``Image Instrument'' by Lee Hwa-jin and Park Mi-ok, and below, a digital sculpture by Lee Yong-baek are on display at the Incheon International Digital Art Festival. /Korea Times photo by Ines Min
By Ines Min
The ubiquity of technology has long been an issue for controversy, with articles in the New York Times citing studies that show some use the Internet enough for it to be classified as an “addiction,” and the BBC reporting that sleek software can dull the brain. One point has been near-universally accepted, however: technology has greatly affected our lives, revolutionizing information intake and mental processes.
The Incheon International Digital Art Festival (INDAF), which is on through Sept. 30, grabs that concept and breaks into a full run, bringing an exhibition of more than 90 artists with works that engage viewers not only visually, but physically.
The location of the event in Songdo itself speaks volumes about the type of art festival. The manmade city built by the people ― as opposed to around the people ― was reclaimed from the vast mudflats which once comprised it, replacing in its stead a pristine, concrete and steel Free Economic Zone. Appropriately, INDAF itself is only in its second year, nearly as young as the location that hosts it.
Its mission is clear, however, with a six-part exhibition layout that arcs from children-friendly, mind-bending technology to full-sensory, smoke-filled rooms lit with strobe lights with a reputation for causing the weak-willed to faint ― that is, the advancements of the age lend for the production of entire new creative realms, dictated by our interaction. Confounding and addictive video games (“Kids are way better at this than adults,” one docent said) pull in the riddle-lovers, while those with a musical ear can rock out on a guitar or keyboard made of card stock and tape, intentionally crafted sloppily so as to surprise the audience with its clear, electronic sound.
“Never has the future been as unpredictable as it is today,” said festival director Roh Soh-yeong. “By becoming the central link to the world around us, mobile media defines who we are and what the world is.”
The main exhibition “Mobile Art” is the culmination of the festival’s message, and focuses on work that can only be seen through the screen of a smartphone (which are available through a rental system).
Lee Yong-baek’s sculpture of two art manikins is invisible to the naked eye, but can be viewed at 360-degree angles onscreen. To complement the digital work, a retrospective of legendary Roy Ascott’s pieces can be seen on the surrounding walls. The pioneer in telematic art and current professor of Technoetic Arts, University of Plymouth, is exhibiting his work in Korea for the first time, bringing to the show his installations “Plastic Transactions” and “La Plissure du Texte,” and paintings such as “California Suit 1.”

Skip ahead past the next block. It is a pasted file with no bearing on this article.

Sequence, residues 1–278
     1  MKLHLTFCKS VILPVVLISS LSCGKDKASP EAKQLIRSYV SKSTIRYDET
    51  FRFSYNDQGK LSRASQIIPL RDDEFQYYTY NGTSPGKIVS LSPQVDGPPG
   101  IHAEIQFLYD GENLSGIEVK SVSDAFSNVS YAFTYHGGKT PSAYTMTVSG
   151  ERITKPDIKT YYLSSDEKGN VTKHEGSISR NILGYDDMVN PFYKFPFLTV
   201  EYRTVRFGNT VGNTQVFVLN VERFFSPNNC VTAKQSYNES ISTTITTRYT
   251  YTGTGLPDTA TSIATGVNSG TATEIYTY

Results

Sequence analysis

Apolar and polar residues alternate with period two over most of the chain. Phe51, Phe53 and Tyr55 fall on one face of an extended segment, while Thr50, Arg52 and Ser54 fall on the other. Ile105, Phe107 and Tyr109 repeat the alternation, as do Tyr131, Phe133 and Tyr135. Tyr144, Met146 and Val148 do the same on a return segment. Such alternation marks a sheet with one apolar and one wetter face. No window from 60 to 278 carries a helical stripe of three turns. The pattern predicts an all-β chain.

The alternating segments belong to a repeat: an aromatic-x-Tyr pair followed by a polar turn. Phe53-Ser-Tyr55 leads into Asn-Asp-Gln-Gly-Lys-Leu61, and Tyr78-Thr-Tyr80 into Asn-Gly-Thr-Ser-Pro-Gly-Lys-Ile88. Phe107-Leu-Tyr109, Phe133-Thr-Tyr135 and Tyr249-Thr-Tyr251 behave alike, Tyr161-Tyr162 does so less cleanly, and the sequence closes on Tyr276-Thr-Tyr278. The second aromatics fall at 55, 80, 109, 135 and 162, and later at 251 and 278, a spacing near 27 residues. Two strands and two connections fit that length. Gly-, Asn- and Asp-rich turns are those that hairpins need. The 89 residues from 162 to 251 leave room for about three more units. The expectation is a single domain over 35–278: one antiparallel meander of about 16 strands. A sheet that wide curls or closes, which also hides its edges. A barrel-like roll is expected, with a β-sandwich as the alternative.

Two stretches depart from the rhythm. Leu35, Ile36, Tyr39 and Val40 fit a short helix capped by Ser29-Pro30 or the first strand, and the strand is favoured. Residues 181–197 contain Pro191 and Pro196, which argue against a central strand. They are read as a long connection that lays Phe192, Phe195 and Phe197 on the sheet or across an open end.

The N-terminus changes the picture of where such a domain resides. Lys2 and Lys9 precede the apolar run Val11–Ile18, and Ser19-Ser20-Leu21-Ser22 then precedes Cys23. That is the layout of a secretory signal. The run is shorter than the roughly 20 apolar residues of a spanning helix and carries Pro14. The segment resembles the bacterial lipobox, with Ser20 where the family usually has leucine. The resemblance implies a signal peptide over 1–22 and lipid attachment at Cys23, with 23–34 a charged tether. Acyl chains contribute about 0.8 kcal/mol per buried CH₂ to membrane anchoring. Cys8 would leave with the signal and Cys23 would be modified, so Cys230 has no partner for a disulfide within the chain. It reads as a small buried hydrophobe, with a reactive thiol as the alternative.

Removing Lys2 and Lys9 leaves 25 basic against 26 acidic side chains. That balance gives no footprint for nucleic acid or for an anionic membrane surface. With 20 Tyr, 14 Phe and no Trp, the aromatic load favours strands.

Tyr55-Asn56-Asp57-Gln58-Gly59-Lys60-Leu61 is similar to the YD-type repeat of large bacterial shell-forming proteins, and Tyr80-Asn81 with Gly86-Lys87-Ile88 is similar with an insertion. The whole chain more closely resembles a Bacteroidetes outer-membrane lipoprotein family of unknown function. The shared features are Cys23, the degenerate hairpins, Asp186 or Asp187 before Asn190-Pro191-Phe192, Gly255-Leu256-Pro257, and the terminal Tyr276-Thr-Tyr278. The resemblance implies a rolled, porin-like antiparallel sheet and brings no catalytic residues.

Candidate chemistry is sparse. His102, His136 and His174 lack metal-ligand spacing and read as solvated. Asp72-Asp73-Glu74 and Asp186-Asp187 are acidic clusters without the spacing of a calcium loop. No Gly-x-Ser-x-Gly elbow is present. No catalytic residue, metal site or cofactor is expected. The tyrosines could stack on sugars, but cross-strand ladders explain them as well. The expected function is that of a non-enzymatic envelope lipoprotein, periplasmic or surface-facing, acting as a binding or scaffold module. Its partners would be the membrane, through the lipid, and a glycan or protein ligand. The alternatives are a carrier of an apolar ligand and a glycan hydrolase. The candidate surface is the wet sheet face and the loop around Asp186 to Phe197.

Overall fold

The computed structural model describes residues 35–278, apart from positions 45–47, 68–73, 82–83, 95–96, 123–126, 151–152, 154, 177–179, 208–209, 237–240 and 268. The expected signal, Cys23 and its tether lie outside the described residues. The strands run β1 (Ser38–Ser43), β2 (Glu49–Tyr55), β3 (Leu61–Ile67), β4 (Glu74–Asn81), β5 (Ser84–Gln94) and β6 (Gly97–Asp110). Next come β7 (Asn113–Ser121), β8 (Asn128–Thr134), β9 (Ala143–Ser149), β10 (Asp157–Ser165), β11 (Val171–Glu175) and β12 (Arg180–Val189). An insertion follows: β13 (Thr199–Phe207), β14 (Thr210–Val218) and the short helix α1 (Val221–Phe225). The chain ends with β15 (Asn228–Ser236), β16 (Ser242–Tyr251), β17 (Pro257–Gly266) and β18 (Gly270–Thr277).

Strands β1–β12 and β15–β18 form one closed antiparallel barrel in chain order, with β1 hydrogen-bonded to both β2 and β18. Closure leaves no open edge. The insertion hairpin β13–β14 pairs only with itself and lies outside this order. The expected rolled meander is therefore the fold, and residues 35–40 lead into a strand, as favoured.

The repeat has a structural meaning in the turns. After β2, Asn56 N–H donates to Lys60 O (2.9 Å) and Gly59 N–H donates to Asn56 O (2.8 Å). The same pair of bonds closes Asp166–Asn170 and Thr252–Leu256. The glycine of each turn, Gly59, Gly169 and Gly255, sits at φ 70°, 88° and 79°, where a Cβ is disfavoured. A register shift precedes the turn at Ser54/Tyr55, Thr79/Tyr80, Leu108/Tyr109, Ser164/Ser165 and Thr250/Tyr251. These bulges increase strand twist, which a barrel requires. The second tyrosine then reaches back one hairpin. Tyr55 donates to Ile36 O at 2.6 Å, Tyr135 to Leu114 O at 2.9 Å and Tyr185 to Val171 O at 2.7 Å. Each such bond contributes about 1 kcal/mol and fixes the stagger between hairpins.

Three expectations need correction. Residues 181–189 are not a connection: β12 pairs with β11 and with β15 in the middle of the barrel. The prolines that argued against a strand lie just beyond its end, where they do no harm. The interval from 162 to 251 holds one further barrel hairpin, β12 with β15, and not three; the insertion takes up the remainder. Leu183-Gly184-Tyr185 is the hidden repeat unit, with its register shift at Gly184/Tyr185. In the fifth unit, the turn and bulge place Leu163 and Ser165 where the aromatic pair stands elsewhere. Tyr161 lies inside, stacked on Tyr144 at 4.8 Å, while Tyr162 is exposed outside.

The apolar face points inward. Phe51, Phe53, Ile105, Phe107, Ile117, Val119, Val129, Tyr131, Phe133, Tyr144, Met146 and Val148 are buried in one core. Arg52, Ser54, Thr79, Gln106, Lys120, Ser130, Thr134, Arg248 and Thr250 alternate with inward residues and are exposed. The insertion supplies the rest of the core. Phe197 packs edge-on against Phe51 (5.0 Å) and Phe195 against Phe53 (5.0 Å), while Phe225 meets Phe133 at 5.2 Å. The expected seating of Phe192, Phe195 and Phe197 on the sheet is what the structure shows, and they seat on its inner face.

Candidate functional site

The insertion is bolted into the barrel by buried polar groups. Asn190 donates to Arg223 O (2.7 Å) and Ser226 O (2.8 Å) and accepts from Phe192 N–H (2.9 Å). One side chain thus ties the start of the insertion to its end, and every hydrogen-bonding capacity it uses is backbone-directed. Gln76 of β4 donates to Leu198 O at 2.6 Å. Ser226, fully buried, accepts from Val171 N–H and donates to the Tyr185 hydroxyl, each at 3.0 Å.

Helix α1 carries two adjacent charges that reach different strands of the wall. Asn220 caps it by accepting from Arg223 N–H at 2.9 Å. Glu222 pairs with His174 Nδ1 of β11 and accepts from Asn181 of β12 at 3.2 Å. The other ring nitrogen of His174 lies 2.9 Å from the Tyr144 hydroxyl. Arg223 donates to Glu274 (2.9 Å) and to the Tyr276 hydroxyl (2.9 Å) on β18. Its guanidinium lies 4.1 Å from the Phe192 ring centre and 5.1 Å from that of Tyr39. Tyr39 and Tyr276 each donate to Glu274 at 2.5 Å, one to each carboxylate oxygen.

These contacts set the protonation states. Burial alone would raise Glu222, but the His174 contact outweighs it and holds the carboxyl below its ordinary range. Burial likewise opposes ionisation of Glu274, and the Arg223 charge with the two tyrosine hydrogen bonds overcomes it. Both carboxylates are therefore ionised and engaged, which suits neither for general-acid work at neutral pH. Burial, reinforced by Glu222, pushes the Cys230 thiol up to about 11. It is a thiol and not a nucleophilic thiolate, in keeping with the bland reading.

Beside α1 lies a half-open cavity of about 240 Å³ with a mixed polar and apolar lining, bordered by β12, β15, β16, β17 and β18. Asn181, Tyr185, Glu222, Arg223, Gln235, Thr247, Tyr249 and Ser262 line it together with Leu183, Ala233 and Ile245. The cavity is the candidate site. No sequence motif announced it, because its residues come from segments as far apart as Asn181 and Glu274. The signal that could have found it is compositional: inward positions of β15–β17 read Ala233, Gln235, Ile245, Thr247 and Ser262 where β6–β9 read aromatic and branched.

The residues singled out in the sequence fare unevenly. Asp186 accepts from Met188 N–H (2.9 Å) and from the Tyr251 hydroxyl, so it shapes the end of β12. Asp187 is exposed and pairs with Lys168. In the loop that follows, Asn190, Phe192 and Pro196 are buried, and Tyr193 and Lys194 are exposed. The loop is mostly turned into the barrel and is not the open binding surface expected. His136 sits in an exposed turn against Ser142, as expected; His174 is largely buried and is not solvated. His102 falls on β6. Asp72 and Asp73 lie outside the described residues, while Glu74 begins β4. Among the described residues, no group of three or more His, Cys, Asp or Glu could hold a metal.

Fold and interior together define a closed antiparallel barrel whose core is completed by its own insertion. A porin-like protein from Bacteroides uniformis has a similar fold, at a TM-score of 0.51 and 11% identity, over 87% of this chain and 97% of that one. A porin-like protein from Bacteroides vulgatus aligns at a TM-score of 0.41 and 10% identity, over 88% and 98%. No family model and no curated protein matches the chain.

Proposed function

The Blur exhibition smears the lines of architect, designer, artist and programmer, the transcendence of categories being perhaps one of the most characteristic of the new technological age. “Differential Life Integral City” invites the audience to enter their lifestyle information to create an online city, and the exhibition period sees the formation of two metropolises in both Incheon and Venice ― where artist Tesoc Hah is currently featuring its sister work at the biennale there.
For those looking for new artwork from emerging artists, Sense Senses brings together “digital natives” from Japan, China and Korea, the youngest being only 20-years-old. One work to look out for is “Image Instrument” by artists Lee Hwa-jin and Park Mi-ok, who coordinated dance moves with the soundless instruments. A blow into the recorder sees a lanky boy shimmy into a stand, while the crashing of the cloth-lined cymbals calls for a gorilla-like move from another.
Visitors can immerse themselves into a 3D, digitally-synthesized world in “Land,” by the celebrated Ulf Langheinrich in the Waves segment, while those looking for an out-of-body, alienating experience can walk into “Zee,” Kurt Hentschlager’s smoke-filled room.
Tomorrow School opens up the possibilities for new ways to think with its child-oriented (but equally appealing for adults) exhibitions that include the beautifully animated picture book by Camille Scherrer, whose simplified sequences pop from the pages when viewed on a screen. “Windosill” by Patrick Smith encourages the beguiling of hours at an enticingly puzzlingly maze that sees a toy truck make its way through complex levels, a la video games.
Eight outdoor, mobile-art exhibitions make up Nine Scenery, which can be toured on an hour-long bicycle tour (assistance from English-speaking docents available on the weekends), thus ending the vibrant show on a note of healthy exercise, perhaps to find that balance between this brave world of technology and good-old cruisers.
INDAF is free of charge and will be open during Chuseok except on Sept. 22. From Seoul, take subway line 1 to Bupyeong Station, transfer to the Incheon line and get off at Incheon University Station, exit 4. For more information, visit www.indaf.org.